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Hoffmann, R. A wiki for the life sciences where authorship matters. Nature Genetics (2008)
 
 
 
 
 

Interactions between HMR 3647, a new ketolide, and human polymorphonuclear neutrophils.

HMR 3647, a new ketolide, is active upon intracellular pathogens. We previously demonstrated that HMR 3004 (RU 64004), another ketolide, is highly concentrated by human polymorphonuclear neutrophils (PMNs). This prompted us to evaluate whether the presence of a 3-keto group instead of an L-cladinose, a neutral sugar characteristic of erythromycin A derivatives, confers peculiar pharmacokinetic properties with regard to cellular accumulation and efflux. After incubation with the radiolabelled drug, HMR 3647 uptake was determined by a velocity gradient centrifugation technique. HMR 3647 was avidly concentrated by PMNs, without saturation, over a 3-h incubation period, with cellular-to-extracellular concentration ratios of 31 +/- 4.2 at 5 min and up to 348 +/- 27.1 at 180 min. About 60% of HMR 3647 was located in the granular compartment; less than 6% was associated with the membranes. HMR 3647 gradually egressed from loaded cells placed in drug-free medium. Uptake was dependent on environmental temperature (activation energy, 128 +/- 9. 4 kJ/ mol) but not on extracellular pH. HMR 3647 displayed Michaelis-Menten saturation kinetics with a mean Vmax of 2315 ng/2.5 x 10(6) PMNs/5 min and a mean Km of 117 mg/liter (144 microM). As already observed with erythromycin A-derived macrolides, extracellular Ca2+ was necessary for optimal uptake of HMR 3647. Interestingly, verapamil increased the uptake of HMR 3647 at 5 min, but this was followed by gradual inhibition at later incubation times, a phenomenon probably related to stimulation of drug efflux. The impact of intracellular accumulation of HMR 3647 on PMN functions was also investigated. In contrast to other erythromycin A derivatives, HMR 3647 only weakly triggered granule exocytosis, but it inhibited superoxide anion production in a time- and concentration-dependent manner, with concentrations which inhibited 50% of control response of 55 (67 microM) (5 min) and 30 (36 microM) (30 min) mg/liter for formyl-methionyl-leucyl-phenylalanine stimulation and 117 (143 microM) (5 min) and 44 (54 microM) (30 min) mg/liter for phorbol myristate acetate stimulation.[1]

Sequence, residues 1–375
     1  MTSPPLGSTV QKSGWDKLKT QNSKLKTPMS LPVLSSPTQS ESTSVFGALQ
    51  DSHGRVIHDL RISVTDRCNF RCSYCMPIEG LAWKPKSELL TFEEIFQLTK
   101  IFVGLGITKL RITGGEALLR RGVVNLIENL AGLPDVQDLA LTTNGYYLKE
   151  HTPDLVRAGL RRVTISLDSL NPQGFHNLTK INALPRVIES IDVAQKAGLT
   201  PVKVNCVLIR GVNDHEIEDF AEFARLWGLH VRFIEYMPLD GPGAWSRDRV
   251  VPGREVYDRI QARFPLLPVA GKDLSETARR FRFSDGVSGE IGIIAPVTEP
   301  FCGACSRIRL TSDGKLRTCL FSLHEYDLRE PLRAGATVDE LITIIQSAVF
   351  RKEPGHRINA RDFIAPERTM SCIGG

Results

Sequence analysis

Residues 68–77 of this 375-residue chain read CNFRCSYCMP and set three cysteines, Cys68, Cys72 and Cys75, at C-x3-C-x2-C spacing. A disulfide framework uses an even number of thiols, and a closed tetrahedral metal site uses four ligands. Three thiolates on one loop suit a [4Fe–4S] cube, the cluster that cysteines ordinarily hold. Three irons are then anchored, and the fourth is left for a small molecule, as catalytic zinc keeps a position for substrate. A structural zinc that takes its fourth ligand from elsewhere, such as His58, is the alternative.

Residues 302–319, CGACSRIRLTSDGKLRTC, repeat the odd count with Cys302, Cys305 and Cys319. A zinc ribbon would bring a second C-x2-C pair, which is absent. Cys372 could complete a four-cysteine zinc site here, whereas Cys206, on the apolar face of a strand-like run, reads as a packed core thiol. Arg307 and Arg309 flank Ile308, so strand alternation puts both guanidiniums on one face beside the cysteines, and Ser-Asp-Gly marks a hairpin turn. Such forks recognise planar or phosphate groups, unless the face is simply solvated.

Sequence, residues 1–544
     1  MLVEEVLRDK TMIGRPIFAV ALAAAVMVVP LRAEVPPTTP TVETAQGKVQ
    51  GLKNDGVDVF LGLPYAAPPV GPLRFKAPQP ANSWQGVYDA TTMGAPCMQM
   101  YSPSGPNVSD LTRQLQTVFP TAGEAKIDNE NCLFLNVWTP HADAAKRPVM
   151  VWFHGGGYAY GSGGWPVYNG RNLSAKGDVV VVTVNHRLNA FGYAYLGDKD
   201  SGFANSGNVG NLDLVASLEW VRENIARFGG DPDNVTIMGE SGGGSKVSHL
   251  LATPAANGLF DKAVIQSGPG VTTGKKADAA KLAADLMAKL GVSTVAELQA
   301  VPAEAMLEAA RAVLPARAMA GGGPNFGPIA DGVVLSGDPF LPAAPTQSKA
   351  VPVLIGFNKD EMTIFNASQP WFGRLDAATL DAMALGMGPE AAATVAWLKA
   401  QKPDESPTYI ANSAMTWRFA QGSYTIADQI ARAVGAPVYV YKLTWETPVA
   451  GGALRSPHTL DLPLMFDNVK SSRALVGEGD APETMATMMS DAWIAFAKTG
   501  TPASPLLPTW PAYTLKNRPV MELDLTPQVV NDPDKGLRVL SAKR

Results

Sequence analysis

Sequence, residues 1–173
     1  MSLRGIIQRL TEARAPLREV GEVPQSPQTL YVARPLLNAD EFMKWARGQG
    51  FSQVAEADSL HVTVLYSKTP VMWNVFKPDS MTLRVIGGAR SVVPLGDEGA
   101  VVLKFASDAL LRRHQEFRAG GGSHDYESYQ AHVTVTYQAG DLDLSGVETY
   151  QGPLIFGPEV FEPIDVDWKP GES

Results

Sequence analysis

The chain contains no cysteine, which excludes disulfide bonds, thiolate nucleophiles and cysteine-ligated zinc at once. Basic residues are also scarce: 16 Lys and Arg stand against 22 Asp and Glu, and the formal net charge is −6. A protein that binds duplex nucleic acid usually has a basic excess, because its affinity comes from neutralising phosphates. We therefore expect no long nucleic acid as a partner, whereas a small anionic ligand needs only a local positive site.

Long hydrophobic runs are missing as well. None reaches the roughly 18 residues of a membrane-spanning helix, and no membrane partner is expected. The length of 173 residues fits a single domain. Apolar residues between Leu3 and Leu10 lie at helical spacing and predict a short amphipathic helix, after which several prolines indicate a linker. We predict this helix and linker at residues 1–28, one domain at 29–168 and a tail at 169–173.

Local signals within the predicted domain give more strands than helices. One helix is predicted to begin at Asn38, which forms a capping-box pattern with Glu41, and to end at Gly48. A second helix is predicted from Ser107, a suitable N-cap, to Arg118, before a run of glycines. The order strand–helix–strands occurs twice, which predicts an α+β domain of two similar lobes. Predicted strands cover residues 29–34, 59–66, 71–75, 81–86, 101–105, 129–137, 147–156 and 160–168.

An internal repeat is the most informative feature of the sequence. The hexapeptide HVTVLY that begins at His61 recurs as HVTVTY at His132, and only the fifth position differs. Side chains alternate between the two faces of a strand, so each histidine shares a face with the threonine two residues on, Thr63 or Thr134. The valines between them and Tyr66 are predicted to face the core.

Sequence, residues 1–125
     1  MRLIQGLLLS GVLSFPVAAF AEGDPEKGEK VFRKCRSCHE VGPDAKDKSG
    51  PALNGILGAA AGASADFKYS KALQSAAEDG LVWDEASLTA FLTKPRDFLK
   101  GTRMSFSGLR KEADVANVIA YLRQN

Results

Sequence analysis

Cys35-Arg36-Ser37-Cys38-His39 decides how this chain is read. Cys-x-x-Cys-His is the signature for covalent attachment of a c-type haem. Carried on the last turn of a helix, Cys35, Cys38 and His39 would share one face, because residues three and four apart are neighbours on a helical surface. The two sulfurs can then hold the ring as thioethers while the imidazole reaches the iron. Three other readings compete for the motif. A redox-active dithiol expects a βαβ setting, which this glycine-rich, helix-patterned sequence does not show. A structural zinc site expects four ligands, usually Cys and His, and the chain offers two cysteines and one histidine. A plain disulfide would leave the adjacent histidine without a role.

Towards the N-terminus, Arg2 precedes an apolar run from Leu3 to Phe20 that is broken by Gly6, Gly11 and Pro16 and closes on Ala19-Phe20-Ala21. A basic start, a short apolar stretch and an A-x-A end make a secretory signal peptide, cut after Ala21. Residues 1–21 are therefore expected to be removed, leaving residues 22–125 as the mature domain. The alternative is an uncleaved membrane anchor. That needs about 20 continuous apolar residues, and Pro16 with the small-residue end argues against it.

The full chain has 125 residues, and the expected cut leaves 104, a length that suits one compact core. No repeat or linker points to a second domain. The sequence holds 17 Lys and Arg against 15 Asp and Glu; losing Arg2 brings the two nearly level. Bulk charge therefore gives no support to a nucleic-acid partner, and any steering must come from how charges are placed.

References

  1. Interactions between HMR 3647, a new ketolide, and human polymorphonuclear neutrophils. Vazifeh, D., Preira, A., Bryskier, A., Labro, M.T. Antimicrob. Agents Chemother. (1998) [Pubmed]
 
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